Recently, SightlineÂ released a short book on the gigantic opportunities cities have to make urban living quarters greener, cheaper, and more abundant by eliminating a few municipal rules.
Hidden in city regulations are a set of simple but powerful barriers to affordable housing for all. These rules criminalize historyâ€™s answers to affordable dwellings: the boarding or rooming house, the roommate, the in-law apartment and the backyard cottage. In effect, cities have banned what used to be the bottom end of the private housing market.
Unlocking Home: Three Keys to Affordable CommunityÂ details how to revive inexpensive housing in walkable neighborhoodsâ€”at no cost to the publicâ€”by striking a few lines of municipal law.
The three keys are re-legalizing rooming and boarding houses, uncapping the number of roommates who may share a dwelling, and welcoming accessory dwellings such as granny flats and garden cottages.
Opening up this housing would:
- create new income opportunities for property owners
- alleviate the outward pressure of sprawl into farmland and forests
- increase residential concentration organically, without big changes to architectural character
- yield compact communities that support walking, transit, neighborhood businesses and low-carbon living
Most important, these tactics would generate thousands and thousands of units of inexpensive housing in metropolitan areas, unlocking homes for the many people who need them.
Unlocking HomeÂ is a Sightline e-book available for $3.95.Â Details at this link.
Over the past 30 years, society has moved toward sustainable solutions in a wide number of areas. Innovations are occurring in energy efficient construction, renewable energy systems, local food production, low carbon transportation and mixed use developments.
How would a city of the future look, feel and run if the innovations we see today were expanded and inter-connected throughout the entire fabric of a medium-sized city? This is the question we aim to answer with the help of visionaries, inventors, business leaders, farmers, engineers and artists. Together, we have the knowledge and experience to make sustainable cities happen in our lifetime.
Come play with us. Let’s do it now.
Reprinted from Resilient Communities
The Egg Map: How to Accelerate Local Food Abundance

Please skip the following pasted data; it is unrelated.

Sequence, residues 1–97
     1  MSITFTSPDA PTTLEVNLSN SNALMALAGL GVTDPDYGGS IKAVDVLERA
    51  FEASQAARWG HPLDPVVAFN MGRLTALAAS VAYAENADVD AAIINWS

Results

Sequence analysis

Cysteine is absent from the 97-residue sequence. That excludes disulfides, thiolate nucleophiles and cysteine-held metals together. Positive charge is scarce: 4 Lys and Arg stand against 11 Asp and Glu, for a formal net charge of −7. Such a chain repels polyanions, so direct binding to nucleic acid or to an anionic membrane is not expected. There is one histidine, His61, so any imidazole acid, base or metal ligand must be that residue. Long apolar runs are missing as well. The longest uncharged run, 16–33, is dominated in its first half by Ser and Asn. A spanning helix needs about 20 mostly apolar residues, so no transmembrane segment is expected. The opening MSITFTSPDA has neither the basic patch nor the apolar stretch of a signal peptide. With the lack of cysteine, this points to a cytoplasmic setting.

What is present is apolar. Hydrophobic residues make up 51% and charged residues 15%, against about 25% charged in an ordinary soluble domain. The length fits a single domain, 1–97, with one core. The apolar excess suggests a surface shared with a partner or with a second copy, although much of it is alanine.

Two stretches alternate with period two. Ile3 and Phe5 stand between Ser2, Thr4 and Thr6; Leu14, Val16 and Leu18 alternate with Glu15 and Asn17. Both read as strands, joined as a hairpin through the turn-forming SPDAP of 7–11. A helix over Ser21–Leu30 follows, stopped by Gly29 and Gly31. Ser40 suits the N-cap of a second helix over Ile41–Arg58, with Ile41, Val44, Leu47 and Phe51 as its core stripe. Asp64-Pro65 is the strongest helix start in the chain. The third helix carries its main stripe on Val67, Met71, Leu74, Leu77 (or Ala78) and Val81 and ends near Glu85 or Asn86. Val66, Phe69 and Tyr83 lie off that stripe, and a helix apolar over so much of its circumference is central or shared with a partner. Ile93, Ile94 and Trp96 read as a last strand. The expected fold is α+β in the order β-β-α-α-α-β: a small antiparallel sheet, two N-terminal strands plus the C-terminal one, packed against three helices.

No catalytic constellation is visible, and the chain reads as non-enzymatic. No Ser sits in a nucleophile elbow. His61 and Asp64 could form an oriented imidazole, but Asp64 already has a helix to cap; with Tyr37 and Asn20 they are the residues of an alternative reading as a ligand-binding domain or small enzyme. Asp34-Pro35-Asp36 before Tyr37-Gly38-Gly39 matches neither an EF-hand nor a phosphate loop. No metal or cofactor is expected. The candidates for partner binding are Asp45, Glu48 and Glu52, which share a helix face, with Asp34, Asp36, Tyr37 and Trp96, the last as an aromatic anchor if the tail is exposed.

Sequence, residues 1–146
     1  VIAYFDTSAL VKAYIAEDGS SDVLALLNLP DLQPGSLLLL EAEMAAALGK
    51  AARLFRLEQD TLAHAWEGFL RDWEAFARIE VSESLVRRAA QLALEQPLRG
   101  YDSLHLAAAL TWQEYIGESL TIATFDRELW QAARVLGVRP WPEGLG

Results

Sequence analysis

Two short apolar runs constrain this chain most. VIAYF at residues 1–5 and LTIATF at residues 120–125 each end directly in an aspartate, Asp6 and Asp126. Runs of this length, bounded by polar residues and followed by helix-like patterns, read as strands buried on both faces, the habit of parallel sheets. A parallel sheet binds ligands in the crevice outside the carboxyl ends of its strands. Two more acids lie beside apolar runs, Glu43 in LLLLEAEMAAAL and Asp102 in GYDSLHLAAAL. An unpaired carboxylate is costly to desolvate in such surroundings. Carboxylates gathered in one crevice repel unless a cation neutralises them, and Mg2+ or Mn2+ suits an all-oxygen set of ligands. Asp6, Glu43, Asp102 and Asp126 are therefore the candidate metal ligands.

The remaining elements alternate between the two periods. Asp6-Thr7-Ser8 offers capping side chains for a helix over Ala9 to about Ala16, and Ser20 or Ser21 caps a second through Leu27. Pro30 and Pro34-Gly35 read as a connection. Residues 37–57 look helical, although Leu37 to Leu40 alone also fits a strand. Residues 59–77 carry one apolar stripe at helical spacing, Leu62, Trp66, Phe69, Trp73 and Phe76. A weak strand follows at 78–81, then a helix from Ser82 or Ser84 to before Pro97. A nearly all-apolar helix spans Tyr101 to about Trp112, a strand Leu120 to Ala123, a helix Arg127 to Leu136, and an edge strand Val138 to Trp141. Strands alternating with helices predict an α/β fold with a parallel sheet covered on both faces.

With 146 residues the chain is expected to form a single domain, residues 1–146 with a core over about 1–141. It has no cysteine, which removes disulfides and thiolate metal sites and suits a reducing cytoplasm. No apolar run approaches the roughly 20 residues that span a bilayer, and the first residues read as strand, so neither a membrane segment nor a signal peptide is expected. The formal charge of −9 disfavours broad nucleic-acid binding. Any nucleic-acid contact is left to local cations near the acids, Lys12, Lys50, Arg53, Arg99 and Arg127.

Here’s something I found incredibly useful as a way to improve a community’s resilience: an Egg Map.
Take a look at this map of egg producers, from the innovators at Incredible Edible Todmorden UK.
Every point on the map is a home, farm or business that has a chicken coop. Many of them got started with chicken keeping through the Todmorden “Every Egg Matters” campaign.
Given how productive chickens can be, it’s not that hard to overproduce. So, a good portion of these locations produce MORE eggs than they need.
Further, the campaign increased the awareness of people in the town to the benefits of fresh, locally produced eggs — from the radically better taste, particularly if eaten within 48 hours of being laid, to the claim (mostly unproven, although I suspect it is highly dependent on the type of chicken and what you feed them) that they are much better for you than the factory fresh eggs bought in a store.
Most of the locations on the map includes details about how many eggs they have available for sale and contact info (phone/text) for how to reach them.
As you can see, this map provides:
Making maps like this may be something you want to do for your community.
If you want to use Google maps, here’s some simple instructions for building your own map (including a video).
If Google or the Internet becomes unavailable for short periods of time, you may want to opt for open source map tools that you can run on a PC connected to a wireless community network.
Reprint of story: Chicago Takes Huge Step Towards Retraining for the 21st Century
CHICAGO–(ENEWSPF)–November 22, 2013.Â Mayor Rahm Emanuel and the United States Department of Agriculture (USDA) today announced a $300,000 grant to Growing Powerâ€™s Farmers For Chicago Program. One of the first programs of its kind in the nation, the Farmers For Chicago Program will provide local non-profits the funding and resources to install the necessary agriculture equipment and train up to 50 local-residents in urban farming skills. The produce grown from Farmers For Chicago farms are then sold at grocery stores and farmers markets throughout the city.